viernes, 9 de marzo de 2018

QUICKSILVER MESSENGER SERVICE - Live At The Summer Of Love [USA psychedelic 1967] 2011 Bear Records FLOATD 6115

Quicksilver Messenger Service are widely regarded as one of the 1960's San Francisco acid rock scene’s lost opportunities. Although they were among the first to convene, they were sidetracked by the imprisonment of founder Dino Valente on drug charges and didn’t get around to releasing their self-titled debut album until 1968.

That said, they’ve acquired a dedicated following thanks to the signature work of guitarists John Cippolina (much-admired by such players as Ghost member and Boris associate Michio Kurihara, among others) and Gary Duncan.

Fortunately for their devotees, soundman and acid guru Owsley Stanley recorded many of their shows, allowing fans to check out their sound prior to their official (and some say best) album ‘Happy Trails’ from 1969.
The recordings on ‘Live At The Summer Of Love’ predate their debut’s May 1968 release (in the case of the latest of the three shows, by only a month) and come from the Fillmore Auditorium and the Carousel Ballroom (to be purchased and renamed the Fillmore West by Billy Graham just a few months later).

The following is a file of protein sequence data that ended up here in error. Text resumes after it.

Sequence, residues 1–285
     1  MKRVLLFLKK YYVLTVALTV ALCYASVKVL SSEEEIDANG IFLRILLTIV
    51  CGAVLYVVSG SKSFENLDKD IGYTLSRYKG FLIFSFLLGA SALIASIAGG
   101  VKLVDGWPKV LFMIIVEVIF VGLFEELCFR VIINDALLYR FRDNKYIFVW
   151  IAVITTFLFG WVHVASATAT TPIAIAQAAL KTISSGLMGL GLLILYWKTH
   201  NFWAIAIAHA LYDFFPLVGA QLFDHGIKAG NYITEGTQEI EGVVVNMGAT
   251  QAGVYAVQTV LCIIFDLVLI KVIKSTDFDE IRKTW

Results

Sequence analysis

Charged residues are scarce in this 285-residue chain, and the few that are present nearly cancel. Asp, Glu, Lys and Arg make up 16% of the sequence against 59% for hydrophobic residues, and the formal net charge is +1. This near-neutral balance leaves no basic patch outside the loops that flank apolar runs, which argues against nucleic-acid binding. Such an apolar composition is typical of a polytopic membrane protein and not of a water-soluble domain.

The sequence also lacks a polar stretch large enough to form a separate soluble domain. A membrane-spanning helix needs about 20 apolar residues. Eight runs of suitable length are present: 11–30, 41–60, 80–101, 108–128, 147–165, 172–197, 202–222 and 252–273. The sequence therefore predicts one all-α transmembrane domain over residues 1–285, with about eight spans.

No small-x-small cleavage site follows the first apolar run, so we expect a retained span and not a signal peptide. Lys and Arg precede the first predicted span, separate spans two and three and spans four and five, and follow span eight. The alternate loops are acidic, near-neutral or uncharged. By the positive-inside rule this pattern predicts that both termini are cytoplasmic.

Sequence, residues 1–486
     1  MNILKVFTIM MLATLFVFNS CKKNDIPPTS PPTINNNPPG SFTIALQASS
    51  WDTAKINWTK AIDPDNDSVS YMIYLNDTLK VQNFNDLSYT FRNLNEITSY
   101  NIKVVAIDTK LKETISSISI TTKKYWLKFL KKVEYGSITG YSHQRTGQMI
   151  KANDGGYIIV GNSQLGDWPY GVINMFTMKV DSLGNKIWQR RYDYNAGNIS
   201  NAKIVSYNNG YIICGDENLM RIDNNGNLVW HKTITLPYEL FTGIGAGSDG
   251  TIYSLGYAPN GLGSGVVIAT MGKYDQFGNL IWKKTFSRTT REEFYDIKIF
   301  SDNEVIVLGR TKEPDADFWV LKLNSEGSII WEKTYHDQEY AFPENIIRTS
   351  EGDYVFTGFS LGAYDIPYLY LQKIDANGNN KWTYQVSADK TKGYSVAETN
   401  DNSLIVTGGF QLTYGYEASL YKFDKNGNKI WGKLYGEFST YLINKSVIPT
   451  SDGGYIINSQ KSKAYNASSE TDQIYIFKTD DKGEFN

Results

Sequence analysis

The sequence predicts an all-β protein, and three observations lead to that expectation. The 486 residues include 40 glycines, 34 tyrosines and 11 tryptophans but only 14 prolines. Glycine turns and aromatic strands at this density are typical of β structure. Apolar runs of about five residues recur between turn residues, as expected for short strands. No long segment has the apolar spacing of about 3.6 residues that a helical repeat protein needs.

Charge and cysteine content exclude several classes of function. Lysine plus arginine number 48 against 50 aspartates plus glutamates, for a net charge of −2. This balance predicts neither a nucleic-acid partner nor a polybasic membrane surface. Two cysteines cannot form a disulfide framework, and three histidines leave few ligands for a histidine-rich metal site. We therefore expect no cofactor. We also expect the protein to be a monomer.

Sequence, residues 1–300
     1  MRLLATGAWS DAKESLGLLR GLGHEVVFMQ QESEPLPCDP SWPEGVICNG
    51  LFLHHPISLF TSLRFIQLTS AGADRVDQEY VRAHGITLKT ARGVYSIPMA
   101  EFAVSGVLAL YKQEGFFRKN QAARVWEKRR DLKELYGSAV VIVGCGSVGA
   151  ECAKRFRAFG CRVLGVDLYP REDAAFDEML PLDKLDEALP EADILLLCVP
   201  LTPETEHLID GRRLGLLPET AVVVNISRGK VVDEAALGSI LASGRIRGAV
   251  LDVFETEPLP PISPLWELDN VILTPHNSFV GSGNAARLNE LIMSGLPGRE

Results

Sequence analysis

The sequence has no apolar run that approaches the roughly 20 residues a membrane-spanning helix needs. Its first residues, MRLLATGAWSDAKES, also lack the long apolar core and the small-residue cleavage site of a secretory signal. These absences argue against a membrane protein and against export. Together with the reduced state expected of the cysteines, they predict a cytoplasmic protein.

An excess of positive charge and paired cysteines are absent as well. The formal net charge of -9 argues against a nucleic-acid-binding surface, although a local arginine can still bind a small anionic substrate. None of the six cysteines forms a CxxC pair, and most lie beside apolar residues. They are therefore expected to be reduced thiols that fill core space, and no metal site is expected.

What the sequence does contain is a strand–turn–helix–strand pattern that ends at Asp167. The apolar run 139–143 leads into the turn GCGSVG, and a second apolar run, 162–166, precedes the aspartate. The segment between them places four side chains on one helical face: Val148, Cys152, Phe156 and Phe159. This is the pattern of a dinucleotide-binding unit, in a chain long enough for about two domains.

The two-disc set kicks of with QMS’s trademark workout of Bo Diddley’s ‘Mona’, which gets stretched out past the eight-minute mark, and starts off with an introduction promising a few numbers from their oft-incarcerated leader Dino Valenti and a following set from Jefferson Airplane. Then it jumps ahead in time to a ‘Walkin’ Blues’ taken from a later Carousel show before romping through a varied set of heavily reconfigured and distended blues tunes (such as the Willie Dixon penned Howlin’ Wolf tune ‘Back Door Man’, ‘ Smiley Lewis’ evergreen ‘I Hear You Knocking’ and ‘Hoochie Coochie Man’). They also play several of their own compositions, such as their instrumental mainstay ‘Gold and Silver’, ‘Dino’s Song’ and some folk tunes - the San Francisco staple ‘Codeine’ and Ann Bredon’s ‘I’m Gonna Leave You’, given later life by Joan Baez and later given its most histrionic treatment by Led Zeppelin on their 1969 debut, the trad murder ballad ‘Duncan and Brady’ and folkie Hamilton Camp’s classic ‘Pride Of Man’. There’s also at least one obscurity to tantalize the QMS fan (not that they will need much more encouragement to pick up the set), in ‘Year Of The Outrage’.

There’s more of the same on the second CD, with Cippolina and Duncan’s guitars twining and turning through another Bo Diddley stomper, ‘Who Do You Love?’ Rufus Thomas’ ‘All Night Worker’, Ben E. King’s ‘Stand By Me’ ‘Drivin’ Wheel (It’s Been Too Long)’ and ‘You Don’t Love Me’ among others.

While not the first place to stop for those unfamiliar with Quicksilver Messenger Service, ‘Live At The Summer Love’ is an excellent introduction to the group’s live output and a good window into their early years.

Live At The Summer Of Love

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